Andrey Rumyantsev

What CMS do you use for your website?

Asked October 15, 2012 by in Web

Free or commercial? What exactly?

No comments yet. Be the first.

Report

By Date | By Votes

  33 Answers

4

Charles Sandor

Charles Sandor   October 15, 2012

WordPress is great because it is easy for my clients to learn the basic's when i do dashboard training with them.

However if the required website is fairly robust, then I go with Joomla.

Add a Comment | Say Thanks | Report

Andrey Rumyantsev
Andrey Rumyantsev Thank you, Charles. I like WP. Joomla administration console isn't really user-friendly.
October 16, 2012

4

Mason Estep

Mason Estep   October 16, 2012, Edited November 28, 2012

I know Wordpress is the popular response, but our site used Moto CMS, a flash-based system, and our website looks beautiful. I couldn't be more pleased. And if you're willing to spend a few nights learning basic code to enable Google to pull data off of your flash based site, you'll have a much better looking site than one that's Wordpress based.

Add a Comment | Say Thanks | Report

Andrey Rumyantsev
Andrey Rumyantsev Flash can be beautiful, but it slows down your system. Most of flash-based sites have crazy navigation (like famous brands of watches, for example). It's really hard to find what do you exactly need. We create flash-sites for promoactions only. For corporate sites, business sites it's much more interesting to use HTML5 as it is SEO-friendly and also really beautiful. You can see some animation examples here: http://diafan.7version.com - that is a internet shop we've created for russian customer.
October 17, 2012
Casey Hill
Casey Hill Andrey, I believe Mason was talking about the actual CMS, which has nothing to do with your web site itself. I currently am part of a team that has built a Flex-based CMS, so I know the subject matter. So the Moto CMS product is Flash-based, and it most likely creates templates and files that are the normal HTML, CSS, JavaScript. Hope that clears some things up.
October 24, 2012
Andrey Rumyantsev
Andrey Rumyantsev Casey, it's clear now about Moto CMS. I'll check it out :-)
October 25, 2012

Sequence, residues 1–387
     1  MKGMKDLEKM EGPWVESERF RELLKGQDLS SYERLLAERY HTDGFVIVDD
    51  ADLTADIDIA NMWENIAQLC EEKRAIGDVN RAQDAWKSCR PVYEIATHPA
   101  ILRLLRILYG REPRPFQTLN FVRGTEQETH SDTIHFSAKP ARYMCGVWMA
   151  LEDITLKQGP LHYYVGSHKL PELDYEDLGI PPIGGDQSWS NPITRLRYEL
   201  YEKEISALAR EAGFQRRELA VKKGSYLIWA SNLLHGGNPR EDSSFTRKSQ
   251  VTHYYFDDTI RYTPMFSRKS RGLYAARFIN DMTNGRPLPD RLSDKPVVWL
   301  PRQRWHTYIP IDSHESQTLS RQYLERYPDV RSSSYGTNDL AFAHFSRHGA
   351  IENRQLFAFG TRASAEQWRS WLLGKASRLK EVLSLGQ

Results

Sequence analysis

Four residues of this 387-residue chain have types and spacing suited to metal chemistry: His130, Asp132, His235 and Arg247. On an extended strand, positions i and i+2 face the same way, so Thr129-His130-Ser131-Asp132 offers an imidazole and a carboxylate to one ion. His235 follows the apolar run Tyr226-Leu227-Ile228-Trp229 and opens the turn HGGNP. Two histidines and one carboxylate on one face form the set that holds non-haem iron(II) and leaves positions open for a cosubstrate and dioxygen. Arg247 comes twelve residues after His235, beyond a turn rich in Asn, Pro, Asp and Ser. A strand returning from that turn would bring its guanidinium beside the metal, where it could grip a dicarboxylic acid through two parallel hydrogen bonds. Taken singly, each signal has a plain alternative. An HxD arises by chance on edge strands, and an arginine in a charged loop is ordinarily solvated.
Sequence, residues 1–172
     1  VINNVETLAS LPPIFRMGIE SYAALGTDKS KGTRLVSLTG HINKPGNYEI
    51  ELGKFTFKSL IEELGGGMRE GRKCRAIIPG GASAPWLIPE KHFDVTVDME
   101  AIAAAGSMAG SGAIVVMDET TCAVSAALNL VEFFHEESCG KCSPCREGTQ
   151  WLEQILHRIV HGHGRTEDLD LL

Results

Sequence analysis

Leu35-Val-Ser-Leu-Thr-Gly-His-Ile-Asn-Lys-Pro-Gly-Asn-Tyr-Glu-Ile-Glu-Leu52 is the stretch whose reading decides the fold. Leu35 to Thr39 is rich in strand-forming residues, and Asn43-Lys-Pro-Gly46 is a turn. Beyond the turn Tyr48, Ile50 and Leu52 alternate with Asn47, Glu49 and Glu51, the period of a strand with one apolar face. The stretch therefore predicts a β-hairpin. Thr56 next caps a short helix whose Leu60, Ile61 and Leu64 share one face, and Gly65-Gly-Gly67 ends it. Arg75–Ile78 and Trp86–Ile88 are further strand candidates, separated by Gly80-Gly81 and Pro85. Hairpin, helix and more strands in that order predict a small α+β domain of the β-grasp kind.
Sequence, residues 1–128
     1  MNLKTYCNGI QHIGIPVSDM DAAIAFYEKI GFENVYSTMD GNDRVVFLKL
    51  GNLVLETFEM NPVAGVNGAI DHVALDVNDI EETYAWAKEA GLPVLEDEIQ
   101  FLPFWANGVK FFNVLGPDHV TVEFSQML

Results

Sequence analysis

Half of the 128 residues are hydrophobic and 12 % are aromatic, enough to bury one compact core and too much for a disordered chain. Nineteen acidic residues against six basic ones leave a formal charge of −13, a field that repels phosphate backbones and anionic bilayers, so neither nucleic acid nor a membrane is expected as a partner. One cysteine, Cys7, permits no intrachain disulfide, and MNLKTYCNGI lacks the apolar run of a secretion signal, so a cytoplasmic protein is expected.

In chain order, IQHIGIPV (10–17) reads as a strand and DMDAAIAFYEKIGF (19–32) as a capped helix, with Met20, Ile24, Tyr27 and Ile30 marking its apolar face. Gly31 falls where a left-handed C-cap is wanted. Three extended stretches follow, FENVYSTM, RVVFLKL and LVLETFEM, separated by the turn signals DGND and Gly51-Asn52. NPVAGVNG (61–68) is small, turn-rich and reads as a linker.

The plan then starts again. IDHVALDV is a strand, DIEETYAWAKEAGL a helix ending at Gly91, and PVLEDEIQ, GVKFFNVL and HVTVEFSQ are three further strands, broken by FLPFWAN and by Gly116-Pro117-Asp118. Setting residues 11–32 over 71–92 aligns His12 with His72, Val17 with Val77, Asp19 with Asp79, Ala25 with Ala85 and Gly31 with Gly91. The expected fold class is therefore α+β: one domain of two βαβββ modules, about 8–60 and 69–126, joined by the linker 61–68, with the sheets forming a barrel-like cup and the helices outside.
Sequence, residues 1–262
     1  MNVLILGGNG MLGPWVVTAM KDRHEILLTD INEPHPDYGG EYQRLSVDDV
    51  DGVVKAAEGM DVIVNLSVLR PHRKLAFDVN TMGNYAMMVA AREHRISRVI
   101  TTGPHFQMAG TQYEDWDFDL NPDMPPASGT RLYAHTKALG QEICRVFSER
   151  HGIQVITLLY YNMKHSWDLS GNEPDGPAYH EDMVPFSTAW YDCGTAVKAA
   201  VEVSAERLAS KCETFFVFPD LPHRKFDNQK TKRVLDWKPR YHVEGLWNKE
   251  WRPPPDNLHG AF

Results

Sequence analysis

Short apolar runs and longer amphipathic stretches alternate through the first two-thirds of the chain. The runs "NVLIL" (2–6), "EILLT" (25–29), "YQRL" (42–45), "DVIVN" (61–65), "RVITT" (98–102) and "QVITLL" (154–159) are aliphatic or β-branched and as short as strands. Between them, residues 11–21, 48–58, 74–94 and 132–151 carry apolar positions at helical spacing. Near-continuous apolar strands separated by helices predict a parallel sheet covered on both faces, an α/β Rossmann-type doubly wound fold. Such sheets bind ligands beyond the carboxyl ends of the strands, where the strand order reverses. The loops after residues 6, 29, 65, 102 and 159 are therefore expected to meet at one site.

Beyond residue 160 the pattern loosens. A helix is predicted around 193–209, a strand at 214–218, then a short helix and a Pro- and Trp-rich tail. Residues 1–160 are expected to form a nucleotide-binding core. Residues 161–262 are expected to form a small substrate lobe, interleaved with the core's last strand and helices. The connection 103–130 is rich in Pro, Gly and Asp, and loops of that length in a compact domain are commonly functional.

3

Nexxus Management

Nexxus Management   October 15, 2012

We have had great success with WordPress. The backend is relatively user-friendly for folks who have had minimal exposure to web development, which is a huge plus. The downside is that the templates can be limiting.

Add a Comment | Say Thanks | Report

Andrey Rumyantsev
Andrey Rumyantsev Thank you, Nexxus representative. I like WP too.
October 16, 2012
Charles Sandor
Charles Sandor Hi Nexxus, I found out the big mistake was trying to keep my clients costs down by using free templates. Many have poorly written code and no support.. I now always use premium templates with valid code. I have rarely had issues with them and when i have, the tech support has been great.
October 16, 2012
Kera McHugh
Kera McHugh many of the free templates are out of date, but so are many premium ones... i make a habit of simply building heavily customized child themes on top of a few defaults & frameworks. I find many premium themes can actually be MORE restrictive as they have so much built in stuff... i prefer to work with 2010 or 2011 and expand from there. you can get quite far away from the original aesthetic while still maintaining stable functionality. U can get exactly what you want, without the stuff you don't want.
October 16, 2012

3

Jason Hamilton-Mascioli

Jason Hamilton-Mascioli   October 15, 2012

Wordpress seems to be the most popular but do like concrete5

Add a Comment | Say Thanks | Report

Andrey Rumyantsev
Andrey Rumyantsev Thanks a lot, Jason! I've never heard about concrete5 and will check out its features.
October 16, 2012

3

Kera McHugh

Kera McHugh   October 16, 2012

wordpress... simple, well supported, as robust as you need it to be, premium plugins can do pretty much anything you need, there are 1000's of developers available for hire if you need something that doesn't exist, and updating is EASY.

Biggest reason i use it is that it's the simplest one for non-technical users (eg. clients) to learn & feel confident with. I don't work with huge corporate clients, so it fits all my needs.

Add a Comment | Say Thanks | Report

Andrey Rumyantsev
Andrey Rumyantsev Thank you, Kera! The main problem of WP is a possibility for hackers to find one hole and inject billions of sites worldwide :) But it's true for all popular systems.
October 17, 2012

3

Randy Aimone

Randy Aimone   October 16, 2012

Depends: quick Flowchart here:
Are you on a severe budget: Y- Wordpress
N- Do you have budget or time for an in-house developer, or over a 75k/year development expense allocated?
Y- Drupal or Joomla are interchangeable, good but need a professional programmer/web guru at least assisting with the management and maintenance of the site. Anyone who tells you differently is a Drupal or Joomla developer hoping you are going to finance their third Mercedes, or will leave you with a half-broken, un-updateable site.